Many of you might still think of download-only titles as cheap and cheerful little diversions, lacking the visuals and depth of games that come on slates of spinning plastic and cost £50. Look at these screenshots: Trine 2 is no cheap bedroom project. It's £10.99 (until mid-January) and only available via the Wii U eShop, but it looks and plays like a game you'd expect to find in a traditional bricks and mortar establishment and shows off some of the snazzy stuff you can do with the GamePad. It's big, too, requiring almost 2GB of storage, nearly as much as New Super Mario Bros U.
Trine 2 is a clever platform action/puzzle game packed with cunning physics-based mechanics, all set in gorgeous, colourful fantasy vistas. You play as three main protagonists; a knight, a thief and a wizard. The knight is your typical bruiser. Armed with a sword, shield and big hammer, he's the guy to call in fights against the game's goblins and dragons, and can smash through walls and other blockades with ease.
The thief is the complete opposite: light and agile, she uses a grappling hook to swing stealthily through environments and a bow and arrow to attack from afar when things get messy. The wizard is the most interesting of all, with the ability to conjure up blocks and platforms and move objects with Jedi-like powers.
Trine Heads Better Than One
These three characters - selectable at any time simply by tapping the R button - and their unique powers form the building blocks for the game's intricate puzzles and challenges.
From the very first level, puzzles force you to think about how the three separate characters' abilities need to be used in combination. Faced with a gaping chasm, for example, you might use the knight's hammer to smash a wall, in turn displacing a log attached to a vine. Then you deploy the wizard's magic to swing the log, before hitching a ride with the thief's grappling hook. If you can imagine a solution, there's a good chance it'll actually work.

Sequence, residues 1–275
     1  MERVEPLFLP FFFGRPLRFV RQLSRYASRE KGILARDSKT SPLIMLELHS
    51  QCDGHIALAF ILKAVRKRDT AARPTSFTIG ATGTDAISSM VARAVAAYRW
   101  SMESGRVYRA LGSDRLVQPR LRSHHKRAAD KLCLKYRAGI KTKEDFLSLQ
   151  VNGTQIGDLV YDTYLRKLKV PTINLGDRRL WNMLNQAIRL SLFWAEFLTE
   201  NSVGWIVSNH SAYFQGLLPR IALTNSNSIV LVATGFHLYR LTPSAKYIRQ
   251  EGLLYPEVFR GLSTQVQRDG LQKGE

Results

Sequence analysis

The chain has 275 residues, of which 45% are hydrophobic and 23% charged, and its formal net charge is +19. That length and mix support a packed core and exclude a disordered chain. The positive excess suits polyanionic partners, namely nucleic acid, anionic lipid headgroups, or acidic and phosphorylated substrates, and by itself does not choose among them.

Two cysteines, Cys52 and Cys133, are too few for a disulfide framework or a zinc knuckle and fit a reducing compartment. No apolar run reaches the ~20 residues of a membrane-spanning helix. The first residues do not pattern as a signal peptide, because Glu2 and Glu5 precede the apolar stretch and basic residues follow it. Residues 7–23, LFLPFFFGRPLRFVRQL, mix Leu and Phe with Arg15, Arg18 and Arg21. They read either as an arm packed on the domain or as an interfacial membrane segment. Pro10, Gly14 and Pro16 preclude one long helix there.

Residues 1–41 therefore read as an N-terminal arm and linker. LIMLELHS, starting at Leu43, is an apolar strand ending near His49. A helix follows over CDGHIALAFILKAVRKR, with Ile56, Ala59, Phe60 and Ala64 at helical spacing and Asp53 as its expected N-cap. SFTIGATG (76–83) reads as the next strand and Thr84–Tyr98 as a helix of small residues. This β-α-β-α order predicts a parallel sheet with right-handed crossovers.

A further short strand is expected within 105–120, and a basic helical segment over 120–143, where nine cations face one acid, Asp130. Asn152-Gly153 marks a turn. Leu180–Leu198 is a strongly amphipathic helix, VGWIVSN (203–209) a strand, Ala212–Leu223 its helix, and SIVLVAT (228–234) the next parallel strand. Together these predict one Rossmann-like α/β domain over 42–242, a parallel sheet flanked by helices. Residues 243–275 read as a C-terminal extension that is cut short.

In single-player, puzzles like this are tricky, as you'll need quick fingers to swap between characters on the fly. But the co-op multiplayer option - playable offline or online with friends - enables three players each to take control of a character, with all three appearing on screen together, making things much more convenient without ruining the challenge.
Crucially, Trine 2 doesn't patronise you: it leaves you to your own devices to figure out how these powers tie together and form solutions to clever physics-based problems. You unlock the intricacies of its physics systems for yourself, which is immensely gratifying. Admittedly, this can sometimes leave you stumped in a room, frustrated for minutes at a time while you try to overcome an obstacle that requires a mechanic you didn't even realise existed.
It gets around the issue, though, with a neat hint system. Instead of taking over to complete challenges for you (as with Mario's Super Guide), when Trine 2 sees that you're stuck, a narrator chimes in (without treating you like an idiot) to offer a hint in the form of a quick story.
The Magic Touch
All gameplay unfolds on both your TV and GamePad screen simultaneously. You can play Trine 2 entirely with buttons, but touch-screen controls are seamlessly woven in, too. The wizard's object-shifting powers, for example, can be handled simply by moving the object with your finger on the screen. Platforms and blocks can be conjured by swiping straight lines or drawing squares.